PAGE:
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The Dynamite Tragedy at Uralla.

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The Armidale Express and New England General Advertiser, Friday 11 Sep 1896

The Dynamite Tragedy at Uralla.

On Tuesday forenoon Coroner Roman held an inquest as to the cause of death of Raymond Duncombe, the victim of the sickening dynamite explosion. The jury having viewed the body, the following evidence was taken.

Constable Clark stated: On Sunday afternoon, 6th inst., between 2 and half past 2, from information, I went to John McGinty’s house, Armidale-street, and there saw Raymond Duncombe lying on a bed suffering from wounds, which I believe to have been caused by some explosive; then examined the lad, and found a large T-shaped wound in the abdomen; the stomach and portions of the intestines were protruding; the left hand was blown off at the wrist, and the forefinger of the right hand shattered below the knuckle; he was bleeding very much ; he had some slight abrasions on the face; Dr. Williams arrived, and took deceased in charge as medical attendant; then Dr. Pring came and assisted Dr. Williams ; I produce a complete dynamite detonator, which was found where I was told the accident occurred; this morning I identified the body of Raymond Duncombe, the subject of this inquest; I now produce a piece of jagged metal like copper, handed me by one of the doctors, which was taken from deceased’s body.

Clarence Faint stated: I am eight years old; live with my mother and father; know a place called Lynch’s, near my father’s place; our yard is divided by one fence from it; I remember last Sunday afternoon; left my home about not a minute after dinner, and went into a closet in Lynch’s yard; my brother Garnet was with me; when I got there I found a tin with some brass things in it—like a blacking-tin—up in the brick wall; some of the bricks were out, and the tin was in one of the holes; the things I found in the tin were similar to the caps produced, only not bent; eight were in the tin; then I gave one to our baby, who was with us ; then left the closet and went into the bushes near the Church of England schoolhouse; Garnet, my brother, went with me; saw Ray Duncome there, and he said, “Give them to me,” and I said,” ” I won’t unless you give me something for them; he said, “I won’t give you anything for them,” and he took them from me; my brother had a pocketknife, and Ray took it from him, and he held six cartridges in his hand and a seventh in his finger and thumb ; this last one he was picking with a pocketknife, and it went off like a gun; then I could not see, but felt pains on my face, like stones hitting me in the face; for a time I was blind; then I went home; have seen the dead body of Ray Duncombe down at Mr. Duncombe’s.

William Faint also gave similar evidence.

Dr. M. P. Williams stated: Am a duly qualified medical practitioner at Uralla; I was called on Sunday afternoon last, about half past two, to the residence of Mr. J. McGinty, Armidale-street, Uralla; I saw Ray Duncombe lying on a bed; his left hand was off at the wrist, and his right forefinger was shattered to the second joint; he had a large T-shaped lacerated wound (external) in the abdomen; through this wound portion of the stomach and intestines protruded; shortly after Dr. Pring arrived; we replaced the stomach and intestines after cleaning them; we then sewed up the wound; had a consultation and decided that the boy was too much collapsed owing to injuries to further operate on the hands; we decided to operate on the hands at 10 a.m. next day, providing the condition of the lad could bear it; in the meantime Dr. Wigan was sent for by me to assist in the operation; on the following morning Drs. Wigan, Pring, and myself removed the forearm bone up to about 3in. above the wrist, and the remainder of the forefinger of the right hand; the three of us visited the patient again about two in the afternoon, and Dr. Pring and myself showed Dr. Wigan the wound in the abdomen and then re-dressed it; on going up again at 7 p.m. Dr. Pring informed me that the child had died; have seen the body of Ray Duncombe as he now lies; the piece of jagged copper metal now produced was found in the wound of the abdomen, and handed by me to Constable Clark ; when we returned the stomach and intestines to the abdomen, there was a quantity of blood internally ; I attributed death to collapse, shock, and loss of blood occasioned by injuries which he had received.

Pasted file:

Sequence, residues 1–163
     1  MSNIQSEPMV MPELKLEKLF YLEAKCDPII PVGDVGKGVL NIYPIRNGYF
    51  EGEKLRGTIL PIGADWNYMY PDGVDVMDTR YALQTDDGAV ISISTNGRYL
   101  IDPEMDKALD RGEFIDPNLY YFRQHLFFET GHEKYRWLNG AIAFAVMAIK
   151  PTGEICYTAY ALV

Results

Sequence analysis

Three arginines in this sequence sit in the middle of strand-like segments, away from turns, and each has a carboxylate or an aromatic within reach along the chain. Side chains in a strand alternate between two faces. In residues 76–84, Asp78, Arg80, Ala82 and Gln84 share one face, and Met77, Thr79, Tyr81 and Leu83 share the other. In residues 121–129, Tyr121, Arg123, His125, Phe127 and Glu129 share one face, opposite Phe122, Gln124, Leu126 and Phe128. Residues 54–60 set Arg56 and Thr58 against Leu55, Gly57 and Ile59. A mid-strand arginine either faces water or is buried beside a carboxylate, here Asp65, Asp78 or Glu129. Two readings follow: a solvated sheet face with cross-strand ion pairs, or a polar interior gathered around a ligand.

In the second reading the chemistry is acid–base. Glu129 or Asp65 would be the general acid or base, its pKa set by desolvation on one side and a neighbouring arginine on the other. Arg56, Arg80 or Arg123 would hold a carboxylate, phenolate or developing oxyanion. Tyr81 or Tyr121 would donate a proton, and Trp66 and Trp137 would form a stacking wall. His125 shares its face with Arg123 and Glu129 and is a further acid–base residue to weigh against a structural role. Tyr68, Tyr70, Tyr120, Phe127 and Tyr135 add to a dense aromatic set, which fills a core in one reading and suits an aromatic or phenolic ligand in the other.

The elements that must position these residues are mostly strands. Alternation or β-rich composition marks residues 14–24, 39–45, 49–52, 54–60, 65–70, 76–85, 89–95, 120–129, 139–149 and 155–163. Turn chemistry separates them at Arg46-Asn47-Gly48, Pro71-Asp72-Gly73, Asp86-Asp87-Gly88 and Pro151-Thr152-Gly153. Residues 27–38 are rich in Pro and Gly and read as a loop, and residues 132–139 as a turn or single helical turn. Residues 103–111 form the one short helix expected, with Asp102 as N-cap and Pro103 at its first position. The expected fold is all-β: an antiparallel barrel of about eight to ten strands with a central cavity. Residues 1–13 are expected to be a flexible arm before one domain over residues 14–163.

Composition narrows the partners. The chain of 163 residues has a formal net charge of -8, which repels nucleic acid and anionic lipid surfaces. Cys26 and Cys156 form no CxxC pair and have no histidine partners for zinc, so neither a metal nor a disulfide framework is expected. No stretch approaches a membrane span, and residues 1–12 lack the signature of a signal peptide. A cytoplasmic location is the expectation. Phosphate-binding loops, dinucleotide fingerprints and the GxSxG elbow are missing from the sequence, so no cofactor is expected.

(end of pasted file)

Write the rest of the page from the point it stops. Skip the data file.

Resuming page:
James Stuart Duncombe stated: Am a butcher residing in Uralla; have seen the dead body the subject of this inquest, and identify it as that of my son Raymond ; his age was 10½ years; his death occurred at about 6 o’clock yesterday evening; I was present when he died; he left no property.

Senior-constable Harris stated: This morning I forwarded a telegram to the Hillgrove police, requesting them to see a man named Robert Burns, who had formerly occupied the house referred to as Lynch’s house, and to ascertain from him whether he or his father-in-law (whose name is Fry) had ever left any dynamite detonators in or about a closet belonging to the premises; to this I received a wire in reply, and which reads—”Re your wire Robert Burns states that about 8 months ago his father-in-law put some dynamite caps in a tin box on the brickwork of the closet referred to; may have been forgotten.”

This being the evidence, the jury returned this verdict:—”We find that Ray mond Duncombe met his death from injuries received by dynamite caps accidentally exploded by himself. We also wish to say if there is no restriction placed upon them by law, we desire to protest against their being left about in a careless manner,”

—Times.

Written by macalba

April 30, 2018 at 2:17 pm

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